Monday, June 28, 2010
This took courage. Not the photo, but putting my house, my home, on the market. Putting a dollar value on my home, asking someone to buy this precious place from me. The last seven weeks have been quite a ride, a ride just like the one I took with my friend in Las Vegas years ago. That ride? That was a roller coaster to the nth degree and the photo they offered us when we stumbled off the train and kissed the ground with the joy and relief of still being alive captured forever the what was I thinking terror on our faces.
I have lived here for nine years. Please put your roots down while your old man is still alive, my father had implored. I'm not sure I want to stay in Houston, Dad. I had responded. You're almost forty years old, your roots are already here. True.
With that, my mother and I searched high and low for what would be my home. At the time, she was one of Houston's top real estate agents, something I benefitted from immensely. She pointed out what was right and also wrong with this house or that; her sense of reality grounding my sense of dreamy. Together, we found the right place for me to put my roots. It was new and perfect. I easily imagined myself here, my life here. Mom explained all the good points of the house, an entryway, good closet space, the half bath being where the living space is, etc. I had stars in my eyes; she had the familiar satisfaction of a job well done.
That was nine years ago. Oh, the times I've had within these walls the past nine years. Six weeks into my new home, Tropical storm Allison hit Houston, and she hit us hard. Two friends lost their home; they were devastated. I flew to San Diego for my best friend's wedding and left them a message from the airport: Move in with me while you rebuild. What's the point of owning a home if I cannot offer my friends a place to stay when they are in need? They moved in. Sometimes it was a challeng but overall we had a blast. Three of us, three labradors and two cats. We went through 9/11 together, re-discovered White Russians together, and I'll always fondly remember some of their silly antics. They were the first of several roommates here and there over the years. There was a co-worker, my niece, my nephew, a respondant to an ad, and another friend from work.
I've hung Christmas lights at my doorway, decorated trees in the window, hung seasonal wreaths on the front door. I've opened the door to my father, led him inside, sat across from him in my living room and discussed serious issues. I've cooked and served dinner for my mother, and I've welcomed colleagues for a Christmas party. I've popped my share of champagne corks here and danced to Darius Rucker, in a glide across the livingroom floor. I've celebrated within these walls and I've been devastated within these walls. These walls have absorbed the grief of my parents' deaths, the screaming, collapsing devastion of losing the two most important people in my life. These walls have absorbed love, laughter, relationships, loss.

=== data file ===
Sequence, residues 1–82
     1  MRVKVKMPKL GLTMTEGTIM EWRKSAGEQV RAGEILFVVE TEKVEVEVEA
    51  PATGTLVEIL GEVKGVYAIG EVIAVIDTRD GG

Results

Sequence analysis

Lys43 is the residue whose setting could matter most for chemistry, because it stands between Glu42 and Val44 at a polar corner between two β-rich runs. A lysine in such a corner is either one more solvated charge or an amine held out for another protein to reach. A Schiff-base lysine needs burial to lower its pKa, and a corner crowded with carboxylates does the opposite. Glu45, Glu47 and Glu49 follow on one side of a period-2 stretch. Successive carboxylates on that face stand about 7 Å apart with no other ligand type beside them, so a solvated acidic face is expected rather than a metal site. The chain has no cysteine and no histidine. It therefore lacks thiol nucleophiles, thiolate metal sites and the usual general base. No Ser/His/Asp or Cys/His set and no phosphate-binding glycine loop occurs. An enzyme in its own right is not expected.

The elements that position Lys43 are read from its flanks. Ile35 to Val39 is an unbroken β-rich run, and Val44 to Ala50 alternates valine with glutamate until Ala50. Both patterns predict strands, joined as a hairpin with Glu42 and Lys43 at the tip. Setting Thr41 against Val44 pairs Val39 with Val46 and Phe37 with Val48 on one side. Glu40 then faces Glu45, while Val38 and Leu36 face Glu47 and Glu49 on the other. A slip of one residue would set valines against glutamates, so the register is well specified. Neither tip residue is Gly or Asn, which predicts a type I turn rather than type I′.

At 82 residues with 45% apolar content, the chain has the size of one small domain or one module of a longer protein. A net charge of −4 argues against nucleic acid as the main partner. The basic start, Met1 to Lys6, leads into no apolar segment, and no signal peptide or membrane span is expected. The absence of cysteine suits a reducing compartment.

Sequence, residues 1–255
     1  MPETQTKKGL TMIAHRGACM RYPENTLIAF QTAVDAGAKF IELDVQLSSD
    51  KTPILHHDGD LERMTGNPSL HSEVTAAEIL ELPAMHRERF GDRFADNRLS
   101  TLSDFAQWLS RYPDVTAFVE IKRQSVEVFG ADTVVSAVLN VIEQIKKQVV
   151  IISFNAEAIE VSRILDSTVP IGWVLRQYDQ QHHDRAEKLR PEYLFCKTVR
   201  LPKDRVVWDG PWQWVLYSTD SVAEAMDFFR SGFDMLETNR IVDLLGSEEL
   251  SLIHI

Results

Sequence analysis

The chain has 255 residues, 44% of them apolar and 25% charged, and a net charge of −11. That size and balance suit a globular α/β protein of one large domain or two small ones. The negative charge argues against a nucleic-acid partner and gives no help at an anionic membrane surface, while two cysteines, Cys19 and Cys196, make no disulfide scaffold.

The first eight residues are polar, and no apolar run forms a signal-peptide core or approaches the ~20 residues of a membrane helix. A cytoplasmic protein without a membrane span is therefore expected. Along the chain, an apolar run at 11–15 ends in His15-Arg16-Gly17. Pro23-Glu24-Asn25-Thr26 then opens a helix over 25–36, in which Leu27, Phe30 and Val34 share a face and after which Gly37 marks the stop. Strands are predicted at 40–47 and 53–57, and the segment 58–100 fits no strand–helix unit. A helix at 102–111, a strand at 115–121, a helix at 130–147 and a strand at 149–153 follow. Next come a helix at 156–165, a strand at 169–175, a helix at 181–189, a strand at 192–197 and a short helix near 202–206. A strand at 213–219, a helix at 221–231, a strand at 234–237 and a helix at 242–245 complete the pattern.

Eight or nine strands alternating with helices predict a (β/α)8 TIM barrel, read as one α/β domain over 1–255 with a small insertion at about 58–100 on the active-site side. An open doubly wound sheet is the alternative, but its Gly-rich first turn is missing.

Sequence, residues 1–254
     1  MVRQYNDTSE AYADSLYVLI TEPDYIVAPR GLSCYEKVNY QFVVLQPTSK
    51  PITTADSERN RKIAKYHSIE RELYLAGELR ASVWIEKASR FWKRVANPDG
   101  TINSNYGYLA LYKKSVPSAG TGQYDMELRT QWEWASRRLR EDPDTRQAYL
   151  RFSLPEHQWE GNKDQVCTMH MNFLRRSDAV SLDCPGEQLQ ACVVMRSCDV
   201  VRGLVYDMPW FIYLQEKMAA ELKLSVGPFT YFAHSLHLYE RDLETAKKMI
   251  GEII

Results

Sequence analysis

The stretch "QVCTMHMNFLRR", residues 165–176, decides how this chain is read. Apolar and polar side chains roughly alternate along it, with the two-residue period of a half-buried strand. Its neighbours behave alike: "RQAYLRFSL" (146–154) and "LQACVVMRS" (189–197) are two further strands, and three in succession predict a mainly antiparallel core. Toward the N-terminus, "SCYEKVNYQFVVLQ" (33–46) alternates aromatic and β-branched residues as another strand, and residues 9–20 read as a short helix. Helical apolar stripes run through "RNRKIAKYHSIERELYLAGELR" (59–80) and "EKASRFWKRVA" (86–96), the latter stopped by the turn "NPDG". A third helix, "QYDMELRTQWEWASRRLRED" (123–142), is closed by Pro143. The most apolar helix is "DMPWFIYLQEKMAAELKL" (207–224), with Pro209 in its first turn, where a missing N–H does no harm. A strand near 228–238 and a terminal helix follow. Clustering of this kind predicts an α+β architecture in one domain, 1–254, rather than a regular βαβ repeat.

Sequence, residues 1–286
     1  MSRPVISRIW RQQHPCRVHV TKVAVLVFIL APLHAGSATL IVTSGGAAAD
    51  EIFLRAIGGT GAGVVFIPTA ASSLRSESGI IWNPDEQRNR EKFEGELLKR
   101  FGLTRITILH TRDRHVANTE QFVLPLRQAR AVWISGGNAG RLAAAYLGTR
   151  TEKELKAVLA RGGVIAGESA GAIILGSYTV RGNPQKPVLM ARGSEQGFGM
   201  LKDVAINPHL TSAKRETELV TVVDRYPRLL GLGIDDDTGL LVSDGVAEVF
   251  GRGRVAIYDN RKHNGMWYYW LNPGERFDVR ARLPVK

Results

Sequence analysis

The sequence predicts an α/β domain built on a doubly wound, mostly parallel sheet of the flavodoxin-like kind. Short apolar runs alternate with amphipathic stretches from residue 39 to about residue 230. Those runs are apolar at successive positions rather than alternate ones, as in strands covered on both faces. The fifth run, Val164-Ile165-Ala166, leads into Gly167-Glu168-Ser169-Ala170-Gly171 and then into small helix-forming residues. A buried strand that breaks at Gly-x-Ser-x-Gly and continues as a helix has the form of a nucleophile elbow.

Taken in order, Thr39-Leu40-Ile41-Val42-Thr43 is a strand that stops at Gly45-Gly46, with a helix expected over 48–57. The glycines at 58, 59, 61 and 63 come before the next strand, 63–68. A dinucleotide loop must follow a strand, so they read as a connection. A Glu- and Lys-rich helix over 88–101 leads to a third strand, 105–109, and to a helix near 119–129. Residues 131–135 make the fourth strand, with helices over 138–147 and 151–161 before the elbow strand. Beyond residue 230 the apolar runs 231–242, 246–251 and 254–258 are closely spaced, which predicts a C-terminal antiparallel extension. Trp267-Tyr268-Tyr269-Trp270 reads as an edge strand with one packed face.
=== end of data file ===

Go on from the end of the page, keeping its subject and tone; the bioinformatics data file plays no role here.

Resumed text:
This house, it has held my life for the past nine years. But now, I have outgrown this friendly home of mine. I need better space arrangement but less space. I need to stop paying for the two storage units I have and I want to put those contents into my life. I want Cheyenne to have fewer stairs to climb and more yard to roam.
Deciding to sell this house and buy another was easy for me but when the changes began to take place, when all the framed art and photos came down from the walls, when the cabinets were emptied and the furniture covered so that the interior could be painted from top to bottom, I cried and cried because I knew this house would never be the same again, would never be put back together again. As much as I wanted the change, actually taking the initial steps was gut-wrenching for me. I told myself over and over again that the memories belong to me, not the background, not the walls. And I realized that it was the changes in me that I was reacting to, prompted by the upcoming change in address.
When I moved in here, both my parents were alive, my family was in tact. When I moved in here, I had many lessons ahead of me, lessons that have taught me so much about myself, my strengths, my faith and my faults. I hadn't yet stumbled my way through tremendous loss or grief, hadn't yet learned I could survive my biggest fears of losing my parents and my job. I hadn't yet acted like my father by planting trees and through the years proudly watching them grow to tower over me and provide me with shade. I hadn't yet watched the seasons change through daily walks in a neighborhood that was my very own. I hadn't yet discovered how truly strong I am, or how generosity comes from the heart and hands. I hadn't yet learned that letting go can be the biggest gift of love that I could give.
Soon, I will bundle up all those lessons and memories and move to a new house that will become a home. I'll unwrap precious photos and with them memories. I'll fill that house with myself and my life with lessons and celebrations, love and no doubt some sadness along the way. I'll plant a tree for my father, and watch it grow. And on accasion, I will drive by this house and pause a moment, admire the two trees and recall the day I planted them. I'll wistfully shake my head and wonder at the passage of time, and I will smile.